Rating: (4 out of 5) Saturday, 10/18/2008, 12:00 PM Feature presentation, $10 at Lincoln Theatre
EVEN FOR THOSE without a military fetish, Ask Not, Johnny Symons’ documentary about the military’s ”Don’t Ask, Don’t Tell” policy, is a worthwhile experience. It’s an insightful, if one-sided, look into the discriminatory policy enacted by President Clinton early in his administration and the harm it’s caused.
The documentary is built around four parts: the Call to Duty speaking tour; a gay soldier’s enlistment and service in Iraq; sit-ins performed by the Right to Serve Campaign; and a historical discussion that puts DADT into perspective. The latter is a much-needed balance to the work being done today to overturn DADT, which the rest of the film captures.
Despite the various statistics flashed across the screen throughout the documentary — 12,000 servicemembers discharged for being gay, 300 Arabic-speaking linguists since 9/11, 4,000 soldiers will not re-enlist because they’re gay — it’s the faces put to these numbers that make Ask Not compelling.
The two most engaging and fleshed out stories are Alex Nicholson and Jerrod Chlapowski, who started dating on the Call to Duty tour. Between visits to Jerrod’s parents and a follow up to the guys’ home a year after the tour, it’s nice to see activism grow into love. Perry, a pseudonym for the gay San Franciscan who decides to enlist to bring democracy to Iraq, is shown before and during his service, but between his blurred face and cheesy shots from his leave in Paris, his story is less interesting.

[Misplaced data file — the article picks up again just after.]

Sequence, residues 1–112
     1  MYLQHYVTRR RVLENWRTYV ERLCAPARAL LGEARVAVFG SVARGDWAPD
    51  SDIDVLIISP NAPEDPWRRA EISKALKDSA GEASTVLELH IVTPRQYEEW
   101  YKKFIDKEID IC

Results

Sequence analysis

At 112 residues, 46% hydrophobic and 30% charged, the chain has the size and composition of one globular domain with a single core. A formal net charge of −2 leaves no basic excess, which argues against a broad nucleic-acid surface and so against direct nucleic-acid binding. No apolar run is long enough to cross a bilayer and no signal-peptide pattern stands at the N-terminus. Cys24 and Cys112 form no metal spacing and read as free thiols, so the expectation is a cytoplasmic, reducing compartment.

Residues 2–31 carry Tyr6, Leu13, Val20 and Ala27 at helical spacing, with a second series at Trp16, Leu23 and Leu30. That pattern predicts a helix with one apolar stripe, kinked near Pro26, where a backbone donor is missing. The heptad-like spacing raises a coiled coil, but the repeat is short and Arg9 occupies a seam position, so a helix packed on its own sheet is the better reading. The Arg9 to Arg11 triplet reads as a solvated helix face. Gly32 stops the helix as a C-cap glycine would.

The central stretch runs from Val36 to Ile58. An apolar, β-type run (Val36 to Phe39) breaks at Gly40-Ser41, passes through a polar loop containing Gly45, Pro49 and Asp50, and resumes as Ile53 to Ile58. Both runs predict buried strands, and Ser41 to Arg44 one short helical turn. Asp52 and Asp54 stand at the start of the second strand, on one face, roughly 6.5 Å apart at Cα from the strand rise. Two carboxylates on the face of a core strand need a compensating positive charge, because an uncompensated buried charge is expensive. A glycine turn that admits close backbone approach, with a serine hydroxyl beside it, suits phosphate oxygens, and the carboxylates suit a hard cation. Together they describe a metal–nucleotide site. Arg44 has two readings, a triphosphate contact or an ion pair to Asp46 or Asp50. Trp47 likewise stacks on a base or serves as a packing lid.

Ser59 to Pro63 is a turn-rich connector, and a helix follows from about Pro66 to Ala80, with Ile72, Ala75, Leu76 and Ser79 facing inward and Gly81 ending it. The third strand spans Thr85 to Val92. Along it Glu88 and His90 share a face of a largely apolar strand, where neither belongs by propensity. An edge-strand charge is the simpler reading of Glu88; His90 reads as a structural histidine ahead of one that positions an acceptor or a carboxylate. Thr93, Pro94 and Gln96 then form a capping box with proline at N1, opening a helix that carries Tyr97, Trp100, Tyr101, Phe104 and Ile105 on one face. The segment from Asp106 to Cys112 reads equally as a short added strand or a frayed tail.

Using congressional testimony footage, Symons captures many of the flawed logics behind DADT, including the evolution of arguments made by supporters of the ban. The historical perspective added by Aaron Belkin nicely demonstrates the parallels between DADT and the segregation of races in the military.
Noticeably — and refreshingly — absent from the film is any mention of the national organizations working to overturn the ban. The only passing reference is when one former soldier says that there is a wide gulf between what Washington thinks and what the reality is. Symons tends to skate across the surface of his subjects, jumping quickly from one to another, but Ask Not is still an effective examination of one of the many ways gay Americans are still second-class citizens.
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